March 31, 2018 Valley of Shadows (Movie Review)
“What we don’t understand scares us, so we need a monster to blame.” The search for that monster encompasses the new Norwegian Drama/Mystery, Valley of Shadows, originally titled Skyggenes dal, which makes its American debut at WHAT THE FEST!? on Friday, March 30, 2018, at 7:00PM, thanks to Film Farms and Celluloid Dreams.
In a small town in the Norwegian countryside, sheep are being slaughtered under mysterious circumstances. Curious as all youngsters are, adorable, little blonde Aslak (Adam Ekeli in his acting debut) wonders about these bloodied creatures, much in thanks to his elder friend Lasse (Lennard Salamon in his acting debut). Whispering in bed during a sleepover, the boys hatch a plan to go up into the forest, on the mountain, in search of what they believe to be a werewolf. Despite their failure to discover said mythical beast, the boys return home where the police have turned up at Aslak’s home, questioning his mother (Kathrine Fagerland: Varg Veum – Bitre blomster 2007, Varhaug short 2012) about the disappearance of his elder brother.
Despite the daunting circumstances occurring around him, Aslak finds comfort in his most loyal friend, his Border Collie, Rapp. On a rainy afternoon, while out for adventure, Rapp hears something and disappears into the woods. Dwarfed by the immensity of the forest, fearing the loss of his four-legged bestie, Aslak returns home to tell his mother about the missing Rapp. When he awakens the next morning to find the black-and-white pooch still gone, Aslak will take matters into his own hands in an attempt to discover Rapp’s whereabouts. Unfortunately, though the woods are lovely, dark and deep, the fog encroaches on the largest, puma feet, leaving the youngster lost in a overwhelming landscape. What follows next is a hauntingly beautiful tale of one little boy alone in the woods.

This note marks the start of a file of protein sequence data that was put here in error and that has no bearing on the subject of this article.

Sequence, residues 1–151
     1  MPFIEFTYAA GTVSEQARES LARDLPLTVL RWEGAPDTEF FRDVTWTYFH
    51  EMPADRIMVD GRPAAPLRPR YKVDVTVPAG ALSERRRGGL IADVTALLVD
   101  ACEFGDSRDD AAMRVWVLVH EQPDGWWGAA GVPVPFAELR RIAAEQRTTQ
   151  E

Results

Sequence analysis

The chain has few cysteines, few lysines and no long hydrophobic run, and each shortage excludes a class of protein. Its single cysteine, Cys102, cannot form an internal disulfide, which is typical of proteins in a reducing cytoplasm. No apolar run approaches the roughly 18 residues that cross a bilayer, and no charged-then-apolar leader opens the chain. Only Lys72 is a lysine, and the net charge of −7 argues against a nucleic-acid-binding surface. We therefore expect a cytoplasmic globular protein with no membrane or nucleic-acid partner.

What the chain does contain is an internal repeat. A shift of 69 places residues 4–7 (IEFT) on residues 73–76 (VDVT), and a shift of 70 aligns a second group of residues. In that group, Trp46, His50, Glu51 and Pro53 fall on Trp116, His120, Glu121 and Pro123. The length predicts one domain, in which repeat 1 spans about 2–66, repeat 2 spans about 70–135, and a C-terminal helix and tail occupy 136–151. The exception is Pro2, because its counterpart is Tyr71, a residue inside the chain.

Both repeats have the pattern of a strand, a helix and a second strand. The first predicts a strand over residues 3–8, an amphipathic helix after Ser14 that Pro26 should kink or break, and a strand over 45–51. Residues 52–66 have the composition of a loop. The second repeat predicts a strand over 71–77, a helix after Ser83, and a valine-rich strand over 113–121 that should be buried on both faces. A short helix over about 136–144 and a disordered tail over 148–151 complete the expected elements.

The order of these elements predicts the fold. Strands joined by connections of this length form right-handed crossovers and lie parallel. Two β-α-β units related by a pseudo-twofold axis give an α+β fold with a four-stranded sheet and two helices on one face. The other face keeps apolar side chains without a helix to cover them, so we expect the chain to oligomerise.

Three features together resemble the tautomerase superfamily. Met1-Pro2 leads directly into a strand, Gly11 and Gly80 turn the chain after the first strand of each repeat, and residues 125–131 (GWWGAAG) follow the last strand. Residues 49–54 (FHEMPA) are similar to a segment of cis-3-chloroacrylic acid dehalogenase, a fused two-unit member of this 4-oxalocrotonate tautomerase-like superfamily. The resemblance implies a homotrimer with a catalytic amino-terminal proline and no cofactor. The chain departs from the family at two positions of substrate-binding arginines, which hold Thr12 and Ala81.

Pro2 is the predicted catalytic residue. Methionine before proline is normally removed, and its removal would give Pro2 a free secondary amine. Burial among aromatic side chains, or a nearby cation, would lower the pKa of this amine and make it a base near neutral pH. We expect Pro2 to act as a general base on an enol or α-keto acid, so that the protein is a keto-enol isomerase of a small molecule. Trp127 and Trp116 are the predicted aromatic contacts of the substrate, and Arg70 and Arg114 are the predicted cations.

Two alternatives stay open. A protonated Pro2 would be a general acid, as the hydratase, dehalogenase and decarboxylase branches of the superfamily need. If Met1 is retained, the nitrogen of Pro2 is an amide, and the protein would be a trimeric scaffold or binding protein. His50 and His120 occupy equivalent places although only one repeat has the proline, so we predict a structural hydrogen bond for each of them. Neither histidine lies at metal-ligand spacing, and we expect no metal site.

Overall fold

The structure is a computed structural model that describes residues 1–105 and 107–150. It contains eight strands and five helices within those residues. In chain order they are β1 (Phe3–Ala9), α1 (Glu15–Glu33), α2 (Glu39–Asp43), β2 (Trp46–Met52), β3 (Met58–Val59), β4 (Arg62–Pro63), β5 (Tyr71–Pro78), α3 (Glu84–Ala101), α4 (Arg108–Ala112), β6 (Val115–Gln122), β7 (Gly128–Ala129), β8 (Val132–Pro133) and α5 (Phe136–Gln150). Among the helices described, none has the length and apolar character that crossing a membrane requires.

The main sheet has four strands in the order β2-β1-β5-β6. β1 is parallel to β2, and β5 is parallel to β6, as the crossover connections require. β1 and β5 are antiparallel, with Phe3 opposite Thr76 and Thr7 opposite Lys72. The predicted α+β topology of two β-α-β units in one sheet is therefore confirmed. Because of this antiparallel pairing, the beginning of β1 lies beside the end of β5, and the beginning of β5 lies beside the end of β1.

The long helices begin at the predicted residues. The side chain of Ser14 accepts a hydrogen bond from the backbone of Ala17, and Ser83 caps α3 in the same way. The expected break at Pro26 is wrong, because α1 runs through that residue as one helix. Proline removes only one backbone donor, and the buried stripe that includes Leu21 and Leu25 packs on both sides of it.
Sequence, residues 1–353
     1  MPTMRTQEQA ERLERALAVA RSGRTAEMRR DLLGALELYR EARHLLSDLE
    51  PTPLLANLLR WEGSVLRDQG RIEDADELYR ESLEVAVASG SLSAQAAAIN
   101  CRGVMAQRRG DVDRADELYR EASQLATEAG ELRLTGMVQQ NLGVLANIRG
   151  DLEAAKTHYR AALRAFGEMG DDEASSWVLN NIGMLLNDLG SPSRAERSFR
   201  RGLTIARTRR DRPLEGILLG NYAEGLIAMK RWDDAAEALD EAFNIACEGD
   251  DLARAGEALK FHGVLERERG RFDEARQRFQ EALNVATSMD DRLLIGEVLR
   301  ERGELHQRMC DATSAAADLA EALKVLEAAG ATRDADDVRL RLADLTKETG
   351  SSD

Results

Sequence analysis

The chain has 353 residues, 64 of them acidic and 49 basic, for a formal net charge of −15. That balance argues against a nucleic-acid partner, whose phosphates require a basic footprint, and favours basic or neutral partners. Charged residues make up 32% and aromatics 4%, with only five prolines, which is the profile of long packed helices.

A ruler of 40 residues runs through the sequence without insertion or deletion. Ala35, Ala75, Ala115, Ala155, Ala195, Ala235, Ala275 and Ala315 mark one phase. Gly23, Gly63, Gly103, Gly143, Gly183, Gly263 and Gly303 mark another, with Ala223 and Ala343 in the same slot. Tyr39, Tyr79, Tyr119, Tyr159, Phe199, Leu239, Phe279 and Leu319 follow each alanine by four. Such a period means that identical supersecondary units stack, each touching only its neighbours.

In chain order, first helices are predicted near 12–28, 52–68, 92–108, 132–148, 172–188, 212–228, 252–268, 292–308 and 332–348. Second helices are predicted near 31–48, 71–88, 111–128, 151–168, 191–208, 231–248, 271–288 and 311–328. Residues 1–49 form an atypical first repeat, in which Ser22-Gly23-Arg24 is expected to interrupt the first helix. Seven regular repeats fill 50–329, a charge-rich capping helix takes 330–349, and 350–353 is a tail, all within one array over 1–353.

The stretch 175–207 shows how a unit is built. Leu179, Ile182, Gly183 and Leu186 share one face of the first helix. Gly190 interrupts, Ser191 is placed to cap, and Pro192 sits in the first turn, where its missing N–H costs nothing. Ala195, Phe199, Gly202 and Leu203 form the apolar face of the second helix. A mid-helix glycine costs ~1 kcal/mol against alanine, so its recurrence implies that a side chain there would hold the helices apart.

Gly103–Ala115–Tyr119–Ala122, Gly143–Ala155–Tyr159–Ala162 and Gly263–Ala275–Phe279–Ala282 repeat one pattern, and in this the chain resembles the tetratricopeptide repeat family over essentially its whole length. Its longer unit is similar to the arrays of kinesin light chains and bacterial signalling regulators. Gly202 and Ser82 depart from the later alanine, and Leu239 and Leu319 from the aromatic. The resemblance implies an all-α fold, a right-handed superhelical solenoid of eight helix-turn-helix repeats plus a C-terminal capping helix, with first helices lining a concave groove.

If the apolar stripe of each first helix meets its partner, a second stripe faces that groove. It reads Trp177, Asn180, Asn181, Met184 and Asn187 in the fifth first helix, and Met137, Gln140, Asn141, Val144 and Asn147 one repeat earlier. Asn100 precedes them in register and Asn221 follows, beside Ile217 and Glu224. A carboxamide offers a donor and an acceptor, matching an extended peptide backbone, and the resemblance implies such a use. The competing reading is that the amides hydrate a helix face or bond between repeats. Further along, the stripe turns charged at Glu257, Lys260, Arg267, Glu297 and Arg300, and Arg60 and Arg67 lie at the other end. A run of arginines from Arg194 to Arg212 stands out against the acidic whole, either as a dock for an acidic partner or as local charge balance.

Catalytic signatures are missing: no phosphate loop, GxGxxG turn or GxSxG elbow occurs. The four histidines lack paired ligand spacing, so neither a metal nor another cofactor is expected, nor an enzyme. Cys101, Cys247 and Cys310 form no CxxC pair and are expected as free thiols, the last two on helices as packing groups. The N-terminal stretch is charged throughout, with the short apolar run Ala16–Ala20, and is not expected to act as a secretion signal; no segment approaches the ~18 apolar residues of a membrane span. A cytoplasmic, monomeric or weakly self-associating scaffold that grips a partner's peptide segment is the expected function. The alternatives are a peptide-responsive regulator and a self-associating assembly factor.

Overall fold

Shot entirely on 35mm film and clocking in at 91 minutes in-length, Valley of Shadows was directed by Jonas Matzow Gulbrandsen (Scream documentary short 2010, Everything Will Be OK short 2011) and is a feature-length debut for this immensely talented director. Additionally, the film was written by Gulbrandsen and Clement Tuffreau (Sam Was Here 2016). Billed as a Drama/Mystery, Valley of Shadows is presented in Norwegian with English subtitles, and is a tale done in the tradition of the Scandinavian Gothic. What this all means is that this is a darkly lush film, a modern fairy tale that plays out like a dramatic mystery but with an intensity and a haunting quality far beyond a simple whodunnit.
Considering that the bulk of this production rests upon the shoulders of Ekeli (as Aslak), it is an astounding testament to this youngster’s skill that the film never once flounders despite having a minimalist script. This is common with many European films which do not seek to fill every available moment with superfluous dialogue, such as their American counterparts.
However, relaying a story with largely body language and movements throughout a landscape is a challenge even for a seasoned actor, and here Ekeli translates a grandiose tale flawlessly with his little body. Childhood is a gentle mixture of brazen fearlessness and yet an overwhelming fearfulness, and Ekeli displays this marvelously as he wanders throughout the formidable Norwegian forest; his performance is pure prose.
Complete with a stunning, largely classical score, this is a film that is not to be missed. Like the finest poetry, Valley of Shadows is a tale that leaves behind a haunting residue of unanswered suspicions; each viewer will walk away with their own interpretations, asking their own unique questions. There is no right or wrong here, but rather an intelligent story that wanders through stunning landscapes to weave the shadows of a little boy into the strings of your heart. A beautifully done piece of fine art that is fully enjoyable and transcends language, CrypticRock give Valley of Shadows 4.5 of 5 stars.